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Friday, October 21, 2016

Israel, Palestinians To Meet Under Settlement Cloud

Israel, Palestinians To Meet Under Settlement Cloud

JERUSALEM (AFP) – Israeli and Palestinian negotiators were set to meet Wednesday evening in a Jerusalem hotel for a new round of direct peace talks, the first in three years.

Palestinian officials told AFP negotiators would meet at 8:00 pm (1700 GMT) in the prestigious King David hotel, although there was no Israeli confirmation.

The meeting is overshadowed by Israeli plans to build thousands of new homes on land the Palestinians claim for their future state and by open pessimism on both sides.

Israel freed 26 Palestinian prisoners Wednesday but also pledged to keep up the pace of settlement building.

Those released from jail were the first batch of 104 prisoners, most of whom had been serving life terms for killing Israelis, who are to be freed in stages depending on progress in the talks.

But as Palestinians celebrated the release Housing Minister Uri Ariel cast a pall over proceedings.

“We will build thousands of homes in the coming year in Judaea and Samaria,” Ariel told public radio, using the biblical Hebrew term for the West Bank.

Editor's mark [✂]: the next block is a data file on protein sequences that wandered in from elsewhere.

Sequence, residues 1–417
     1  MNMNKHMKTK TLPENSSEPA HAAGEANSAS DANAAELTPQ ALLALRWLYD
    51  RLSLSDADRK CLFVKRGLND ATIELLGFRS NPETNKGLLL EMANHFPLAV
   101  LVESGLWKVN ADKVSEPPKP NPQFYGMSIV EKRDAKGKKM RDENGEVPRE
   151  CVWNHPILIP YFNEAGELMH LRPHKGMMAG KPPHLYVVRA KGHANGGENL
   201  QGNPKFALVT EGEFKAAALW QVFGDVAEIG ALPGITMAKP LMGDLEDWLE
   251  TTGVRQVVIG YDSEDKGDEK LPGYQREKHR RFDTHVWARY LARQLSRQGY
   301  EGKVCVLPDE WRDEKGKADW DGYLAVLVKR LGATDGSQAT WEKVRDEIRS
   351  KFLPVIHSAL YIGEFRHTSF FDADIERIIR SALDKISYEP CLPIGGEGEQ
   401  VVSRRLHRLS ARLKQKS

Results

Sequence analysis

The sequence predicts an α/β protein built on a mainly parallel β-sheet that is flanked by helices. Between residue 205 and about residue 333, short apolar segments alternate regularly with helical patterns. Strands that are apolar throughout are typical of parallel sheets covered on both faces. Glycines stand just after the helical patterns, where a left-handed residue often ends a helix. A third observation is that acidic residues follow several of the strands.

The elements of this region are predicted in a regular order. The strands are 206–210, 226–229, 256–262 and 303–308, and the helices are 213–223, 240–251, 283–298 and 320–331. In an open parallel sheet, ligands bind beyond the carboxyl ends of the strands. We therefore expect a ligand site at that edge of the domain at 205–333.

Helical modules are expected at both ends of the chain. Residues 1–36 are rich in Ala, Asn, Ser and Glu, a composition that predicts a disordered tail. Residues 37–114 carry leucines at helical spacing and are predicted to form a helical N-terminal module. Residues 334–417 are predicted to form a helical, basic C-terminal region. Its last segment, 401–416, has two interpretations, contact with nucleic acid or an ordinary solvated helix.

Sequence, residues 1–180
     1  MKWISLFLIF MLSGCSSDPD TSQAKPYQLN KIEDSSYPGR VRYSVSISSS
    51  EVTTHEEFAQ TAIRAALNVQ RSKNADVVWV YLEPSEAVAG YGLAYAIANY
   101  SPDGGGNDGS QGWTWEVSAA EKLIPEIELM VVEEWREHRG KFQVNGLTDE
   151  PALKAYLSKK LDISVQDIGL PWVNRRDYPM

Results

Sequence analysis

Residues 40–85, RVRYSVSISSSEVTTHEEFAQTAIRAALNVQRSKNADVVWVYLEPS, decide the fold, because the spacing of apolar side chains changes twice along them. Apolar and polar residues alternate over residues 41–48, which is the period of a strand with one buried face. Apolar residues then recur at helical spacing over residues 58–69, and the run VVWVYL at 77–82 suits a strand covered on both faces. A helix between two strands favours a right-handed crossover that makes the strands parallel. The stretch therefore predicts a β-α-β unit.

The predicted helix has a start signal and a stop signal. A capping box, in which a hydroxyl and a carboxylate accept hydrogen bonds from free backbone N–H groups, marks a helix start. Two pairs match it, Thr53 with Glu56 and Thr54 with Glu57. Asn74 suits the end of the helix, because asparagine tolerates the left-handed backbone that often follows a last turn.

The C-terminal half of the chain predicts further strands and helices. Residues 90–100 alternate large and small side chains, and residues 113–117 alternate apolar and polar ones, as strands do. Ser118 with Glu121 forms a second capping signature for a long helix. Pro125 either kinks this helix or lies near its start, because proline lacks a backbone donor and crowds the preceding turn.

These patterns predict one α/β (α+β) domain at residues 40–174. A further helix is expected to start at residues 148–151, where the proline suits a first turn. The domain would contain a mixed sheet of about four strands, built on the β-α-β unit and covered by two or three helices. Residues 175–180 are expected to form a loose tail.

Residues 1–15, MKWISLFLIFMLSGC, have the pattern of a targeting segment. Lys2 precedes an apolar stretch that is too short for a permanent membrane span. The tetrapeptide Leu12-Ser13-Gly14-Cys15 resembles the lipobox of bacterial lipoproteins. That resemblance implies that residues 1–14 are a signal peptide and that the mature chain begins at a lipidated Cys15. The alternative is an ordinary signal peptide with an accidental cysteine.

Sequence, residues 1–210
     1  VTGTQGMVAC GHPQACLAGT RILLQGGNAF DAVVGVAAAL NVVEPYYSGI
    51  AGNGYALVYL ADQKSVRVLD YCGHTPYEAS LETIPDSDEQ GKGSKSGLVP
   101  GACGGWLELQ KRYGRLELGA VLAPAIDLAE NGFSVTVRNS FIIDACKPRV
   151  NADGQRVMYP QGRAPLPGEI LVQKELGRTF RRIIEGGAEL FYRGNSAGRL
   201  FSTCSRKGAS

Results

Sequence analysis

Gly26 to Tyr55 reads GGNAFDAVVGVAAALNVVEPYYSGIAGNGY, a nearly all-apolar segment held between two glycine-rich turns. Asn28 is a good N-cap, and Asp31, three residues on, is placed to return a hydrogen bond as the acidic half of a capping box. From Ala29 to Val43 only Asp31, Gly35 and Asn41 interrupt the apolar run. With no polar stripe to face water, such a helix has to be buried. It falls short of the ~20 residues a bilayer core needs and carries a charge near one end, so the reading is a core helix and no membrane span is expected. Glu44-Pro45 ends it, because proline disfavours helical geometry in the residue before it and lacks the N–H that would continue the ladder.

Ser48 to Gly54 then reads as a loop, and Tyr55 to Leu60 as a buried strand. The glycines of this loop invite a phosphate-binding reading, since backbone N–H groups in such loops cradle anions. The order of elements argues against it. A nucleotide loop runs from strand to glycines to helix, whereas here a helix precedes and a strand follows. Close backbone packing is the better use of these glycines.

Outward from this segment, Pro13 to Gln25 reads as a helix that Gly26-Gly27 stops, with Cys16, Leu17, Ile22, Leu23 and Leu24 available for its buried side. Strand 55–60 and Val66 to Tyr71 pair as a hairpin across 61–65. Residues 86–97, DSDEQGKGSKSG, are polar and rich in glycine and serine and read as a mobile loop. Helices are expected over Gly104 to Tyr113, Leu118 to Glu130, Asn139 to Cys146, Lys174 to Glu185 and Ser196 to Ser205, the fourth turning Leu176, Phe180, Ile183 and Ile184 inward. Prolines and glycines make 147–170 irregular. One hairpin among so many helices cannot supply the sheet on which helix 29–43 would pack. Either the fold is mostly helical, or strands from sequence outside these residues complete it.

“No one dictates where we can build… This is just the first course,” he added, hinting at more building to come.

His remarks came as the negotiating teams readied for the talks, the result of marathon efforts by US Secretary of State John Kerry, who convened an initial meeting between the sides in Washington on July 30.

Israel’s settlement building in the occupied territories is considered illegal under international law

Although the overnight prisoner release was welcomed by the Palestinians, it did little to placate their anger after Israel announced plans this week to push on with 2,129 new settler homes — the vast majority in annexed east Jerusalem.

The last round of direct peace talks broke down just weeks after they were launched in September 2010 in a bitter row over settlements.

Commentators said the timing of the settlement announcements was aimed at appeasing hardliners in the right-wing coalition of Prime Minister Benjamin Netanyahu but was also something of a quid pro quo for the prisoner release.

In a bid to defuse the latest crisis, Kerry phoned Palestinian president Mahmud Abbas late on Tuesday, a senior Palestinian official told AFP.

So far, both sides have remained silent over the agenda for the negotiations. The two sides have committed themselves to give the talks at least nine months in which to reach an accord.

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Copyright 2013 The National Memo
  • Sand_Cat

    Of course Biblical Hebrew sounds better than “someone else’s land that we’re stealing.”